Penn State is slotted for the Capital One Bowl, which knocks several teams down a peg. There's some shuffling at the bottom of the projections as Minnesota tumbles following its blowout loss at TCU, and Indiana falls out of the rankings entirely after an all-too-familiar-looking defeat at Bowling Green.

We continue to keep two teams in the major bowls as Ohio State rebounded nicely from the Virginia Tech loss to crush Kent State.

To the projections ...

Chick-fil-A Peach/Cotton/Fiesta/Orange: Michigan State
Chick-fil-A Peach/Cotton/Fiesta/Orange: Ohio State
Capital One: Penn State
Outback: Nebraska
National University Holiday: Wisconsin
TaxSlayer/Franklin American Mortgage Music City: Iowa
San Francisco: Michigan
New Era Pinstripe: Maryland
Quick Lane: Minnesota
Heart of Dallas: Rutgers

Big Ten helmet stickers: Week 3

September, 14, 2014
Sep 14
9:00
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Recognizing the best and brightest from Week 3 in the Big Ten:
  • Ohio State QB J.T. Barrett: A week after Barrett's tough night against Virginia Tech, the redshirt freshman bounced back in a big way. He completed 23 of 30 passes for 312 yards and a school-record tying six touchdowns (with one interception, off a tipped ball) in the Buckeyes' 66-0 laugher over Kent State.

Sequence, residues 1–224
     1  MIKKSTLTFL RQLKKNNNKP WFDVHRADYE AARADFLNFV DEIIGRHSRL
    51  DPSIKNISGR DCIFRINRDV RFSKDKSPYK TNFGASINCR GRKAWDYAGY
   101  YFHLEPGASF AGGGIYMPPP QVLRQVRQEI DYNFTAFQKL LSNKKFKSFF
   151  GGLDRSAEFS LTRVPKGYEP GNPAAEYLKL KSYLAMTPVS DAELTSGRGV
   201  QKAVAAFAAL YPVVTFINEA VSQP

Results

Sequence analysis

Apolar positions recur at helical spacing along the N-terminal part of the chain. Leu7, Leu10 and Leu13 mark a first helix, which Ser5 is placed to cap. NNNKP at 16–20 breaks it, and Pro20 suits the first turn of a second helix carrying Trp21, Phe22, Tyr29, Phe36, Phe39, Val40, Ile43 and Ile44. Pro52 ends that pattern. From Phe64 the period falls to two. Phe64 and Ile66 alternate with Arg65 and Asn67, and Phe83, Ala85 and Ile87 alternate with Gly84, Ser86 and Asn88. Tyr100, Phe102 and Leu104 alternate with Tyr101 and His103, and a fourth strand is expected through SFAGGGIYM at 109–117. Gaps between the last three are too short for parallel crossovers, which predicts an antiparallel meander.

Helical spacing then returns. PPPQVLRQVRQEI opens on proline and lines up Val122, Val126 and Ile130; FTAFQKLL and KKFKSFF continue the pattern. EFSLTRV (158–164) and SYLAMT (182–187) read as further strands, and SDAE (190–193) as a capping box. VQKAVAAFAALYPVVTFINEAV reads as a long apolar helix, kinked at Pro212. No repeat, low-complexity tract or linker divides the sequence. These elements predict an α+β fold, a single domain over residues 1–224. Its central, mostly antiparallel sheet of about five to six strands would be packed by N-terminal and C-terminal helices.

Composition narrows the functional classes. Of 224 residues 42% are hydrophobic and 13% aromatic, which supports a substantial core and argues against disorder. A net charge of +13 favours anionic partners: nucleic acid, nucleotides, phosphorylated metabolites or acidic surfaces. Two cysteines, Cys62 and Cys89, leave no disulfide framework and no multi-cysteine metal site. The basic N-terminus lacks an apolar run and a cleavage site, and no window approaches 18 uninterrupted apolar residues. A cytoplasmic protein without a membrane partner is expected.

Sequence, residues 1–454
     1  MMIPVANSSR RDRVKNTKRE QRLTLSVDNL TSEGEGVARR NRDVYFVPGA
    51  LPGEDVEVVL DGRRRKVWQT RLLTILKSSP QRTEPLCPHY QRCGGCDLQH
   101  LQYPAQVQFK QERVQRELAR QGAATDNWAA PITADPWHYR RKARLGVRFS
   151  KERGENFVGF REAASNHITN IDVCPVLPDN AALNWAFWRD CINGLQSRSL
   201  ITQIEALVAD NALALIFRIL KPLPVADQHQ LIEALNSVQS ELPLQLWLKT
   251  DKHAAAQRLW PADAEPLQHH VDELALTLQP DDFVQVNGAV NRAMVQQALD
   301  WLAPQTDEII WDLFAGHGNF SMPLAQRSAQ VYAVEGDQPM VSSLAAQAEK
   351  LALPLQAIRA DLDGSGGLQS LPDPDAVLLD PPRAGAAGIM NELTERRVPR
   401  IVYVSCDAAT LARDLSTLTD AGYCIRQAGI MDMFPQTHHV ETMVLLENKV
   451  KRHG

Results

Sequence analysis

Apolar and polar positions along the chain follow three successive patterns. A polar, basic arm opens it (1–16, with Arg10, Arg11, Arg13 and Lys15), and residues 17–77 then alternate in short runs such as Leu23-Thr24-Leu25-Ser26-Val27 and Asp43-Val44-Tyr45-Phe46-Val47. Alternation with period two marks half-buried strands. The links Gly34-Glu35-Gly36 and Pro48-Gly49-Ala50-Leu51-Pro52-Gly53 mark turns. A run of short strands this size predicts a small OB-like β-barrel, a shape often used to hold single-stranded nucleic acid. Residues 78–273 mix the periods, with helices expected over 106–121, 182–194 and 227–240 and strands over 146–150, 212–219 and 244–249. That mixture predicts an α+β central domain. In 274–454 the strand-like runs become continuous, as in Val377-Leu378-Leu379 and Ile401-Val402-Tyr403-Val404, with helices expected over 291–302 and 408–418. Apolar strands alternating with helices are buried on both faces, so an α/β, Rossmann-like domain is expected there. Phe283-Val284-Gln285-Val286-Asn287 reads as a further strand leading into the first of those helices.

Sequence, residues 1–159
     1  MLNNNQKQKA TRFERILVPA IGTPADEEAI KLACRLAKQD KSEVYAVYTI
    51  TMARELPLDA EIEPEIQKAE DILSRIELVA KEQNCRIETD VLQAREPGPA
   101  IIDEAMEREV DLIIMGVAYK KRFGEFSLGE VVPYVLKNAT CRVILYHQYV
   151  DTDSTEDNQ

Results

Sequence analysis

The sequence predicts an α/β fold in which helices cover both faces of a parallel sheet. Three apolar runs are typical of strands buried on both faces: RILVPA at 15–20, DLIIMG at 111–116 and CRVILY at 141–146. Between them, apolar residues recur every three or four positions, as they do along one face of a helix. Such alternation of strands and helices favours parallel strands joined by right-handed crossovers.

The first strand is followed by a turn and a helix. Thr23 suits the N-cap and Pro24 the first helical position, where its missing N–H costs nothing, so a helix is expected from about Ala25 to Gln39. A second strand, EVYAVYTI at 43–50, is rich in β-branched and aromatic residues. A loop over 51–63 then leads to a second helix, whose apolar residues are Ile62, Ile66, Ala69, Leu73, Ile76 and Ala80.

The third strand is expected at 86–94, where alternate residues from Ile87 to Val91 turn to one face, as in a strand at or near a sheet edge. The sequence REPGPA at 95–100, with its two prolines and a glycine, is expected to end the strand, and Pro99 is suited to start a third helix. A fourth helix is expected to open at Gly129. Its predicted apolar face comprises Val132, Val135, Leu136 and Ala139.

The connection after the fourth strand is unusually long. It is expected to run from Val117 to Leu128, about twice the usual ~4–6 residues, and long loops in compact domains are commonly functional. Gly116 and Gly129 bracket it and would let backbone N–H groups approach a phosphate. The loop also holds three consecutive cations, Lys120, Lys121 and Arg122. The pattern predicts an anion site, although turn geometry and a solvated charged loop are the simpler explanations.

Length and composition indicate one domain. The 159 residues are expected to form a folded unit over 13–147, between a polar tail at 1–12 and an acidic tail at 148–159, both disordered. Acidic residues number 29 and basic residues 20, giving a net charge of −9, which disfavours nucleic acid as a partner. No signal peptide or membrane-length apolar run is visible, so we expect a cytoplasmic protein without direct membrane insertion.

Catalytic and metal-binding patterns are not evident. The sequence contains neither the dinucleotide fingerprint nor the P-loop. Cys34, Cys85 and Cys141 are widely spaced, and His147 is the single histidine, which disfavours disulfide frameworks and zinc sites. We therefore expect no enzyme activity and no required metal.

• Michigan RB Derrick Green: The Wolverines struggled with Miami (Ohio) for more than two quarters, but Green's hard running helped salt the game away. The sophomore finished with 22 carries for 137 yards and two touchdowns in Michigan's 34-10 victory.
  • Penn State DT Anthony Zettel: Perhaps the early frontrunner for Big Ten defensive player of the year, Zettel was terrific yet again in the Nittany Lions' 13-10 win over Rutgers. He led the defensive charge with three tackles for loss and a sack while helping control the line of scrimmage. "We couldn't handle him in the second half," Rutgers coach Kyle Flood said.
  • Penn State QB Christian Hackenberg: It wasn't easy most of the night for the Nittany Lions' sophomore signal caller. He was harassed under a heavy pass rush, and Penn State didn't score a touchdown for the first 58:47. But Hackenberg proved he's the king of clutch among current Big Ten quarterbacks by leading a two-minute drill that led to Bill Belton's game-winning touchdown. Hackenberg finished 25-of-44 for 309 yards and an interception.